Thinking Out Loud

What Are You Bad At?

Imagine taking a leadership position and immediately announcing your weaknesses—as well as your strengths—to your team. Would that be unsettling to the team? Not necessarily. 

Fear of acknowledging our weaknesses is usually connected to worry about losing respect and power. Would others think you are weak and, therefore, take advantage of you? Being afraid of your strengths sounds counterintuitive, yet it’s not uncommon. Imagine telling others, honestly and openly, what you’re good at. Would you wonder that you’d come across as arrogant or that you’d look particularly foolish if you make a mistake resulting from your self-proclaimed strength?

We get so tangled up thinking about how open to be with others in our workplace when it comes to our skills, abilities and competencies. Of course, they’d come to learn our strengths and weaknesses over time but stating them up front cuts to the chase and sets a tone with the team that it’s safe for others to do the same.

So what’s the purpose with this? It gives you and those you work with a straightforward opportunity to:

  • Draw on the multiple talents of the collective
  • Problem-solve around weaknesses before they cause problems
  • Proactively help each other out
  • Create a trusting work environment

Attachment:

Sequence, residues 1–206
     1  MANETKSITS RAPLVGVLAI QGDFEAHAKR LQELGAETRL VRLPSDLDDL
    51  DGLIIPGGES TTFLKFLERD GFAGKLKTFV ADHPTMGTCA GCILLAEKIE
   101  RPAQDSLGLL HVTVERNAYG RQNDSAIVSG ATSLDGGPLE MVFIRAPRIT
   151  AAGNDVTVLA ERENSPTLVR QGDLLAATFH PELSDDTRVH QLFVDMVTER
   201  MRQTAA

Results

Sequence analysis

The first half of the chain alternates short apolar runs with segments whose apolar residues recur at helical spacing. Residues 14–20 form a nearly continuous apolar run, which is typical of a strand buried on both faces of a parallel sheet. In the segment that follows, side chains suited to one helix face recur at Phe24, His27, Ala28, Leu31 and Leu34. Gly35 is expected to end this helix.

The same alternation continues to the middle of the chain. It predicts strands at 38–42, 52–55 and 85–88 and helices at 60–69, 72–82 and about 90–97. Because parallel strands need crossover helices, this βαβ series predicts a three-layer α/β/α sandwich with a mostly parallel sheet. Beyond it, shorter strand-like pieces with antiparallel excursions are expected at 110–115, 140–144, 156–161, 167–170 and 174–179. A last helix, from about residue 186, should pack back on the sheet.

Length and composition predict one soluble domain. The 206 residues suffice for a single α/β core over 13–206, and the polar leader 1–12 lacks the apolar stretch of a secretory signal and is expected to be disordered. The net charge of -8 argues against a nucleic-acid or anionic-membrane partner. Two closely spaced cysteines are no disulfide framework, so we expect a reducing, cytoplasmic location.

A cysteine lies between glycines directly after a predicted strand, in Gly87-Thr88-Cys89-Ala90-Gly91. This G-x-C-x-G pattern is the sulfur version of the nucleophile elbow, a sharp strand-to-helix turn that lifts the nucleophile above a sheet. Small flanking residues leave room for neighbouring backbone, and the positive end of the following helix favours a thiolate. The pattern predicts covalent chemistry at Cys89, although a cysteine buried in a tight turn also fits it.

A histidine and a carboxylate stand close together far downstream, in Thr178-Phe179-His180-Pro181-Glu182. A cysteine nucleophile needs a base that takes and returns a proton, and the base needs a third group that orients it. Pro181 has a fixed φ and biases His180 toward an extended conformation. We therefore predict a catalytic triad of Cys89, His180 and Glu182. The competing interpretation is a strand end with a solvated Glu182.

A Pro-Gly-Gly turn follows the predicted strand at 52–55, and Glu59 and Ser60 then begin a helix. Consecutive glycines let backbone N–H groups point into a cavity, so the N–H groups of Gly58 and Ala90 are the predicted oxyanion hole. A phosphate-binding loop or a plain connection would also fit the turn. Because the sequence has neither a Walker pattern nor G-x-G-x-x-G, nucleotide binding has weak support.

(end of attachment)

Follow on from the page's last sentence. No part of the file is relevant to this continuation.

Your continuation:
Often we think about our strengths in terms of the tasks that we do related to our job description. But those tasks are connected to our processing skills and it’s especially helpful to understand the relationship between the two. For example, our communication skills are driven by how we process information in different domains. So we might have strong verbal skills but not writing skills. Wouldn’t it be universally helpful if we acknowledged that and account for it by drawing on the strengths of someone else—say someone else’s writing skills.

So, think about it. What would you like those you work most closely with to know about you—your strengths and weaknesses? What do you imagine would happen if you had a frank discussion about that at your next staff meeting? Taking risks, being open and fearless is part of being a strong leader. Leading by example in this situation could help your team become more collaborative, supportive, and productive.

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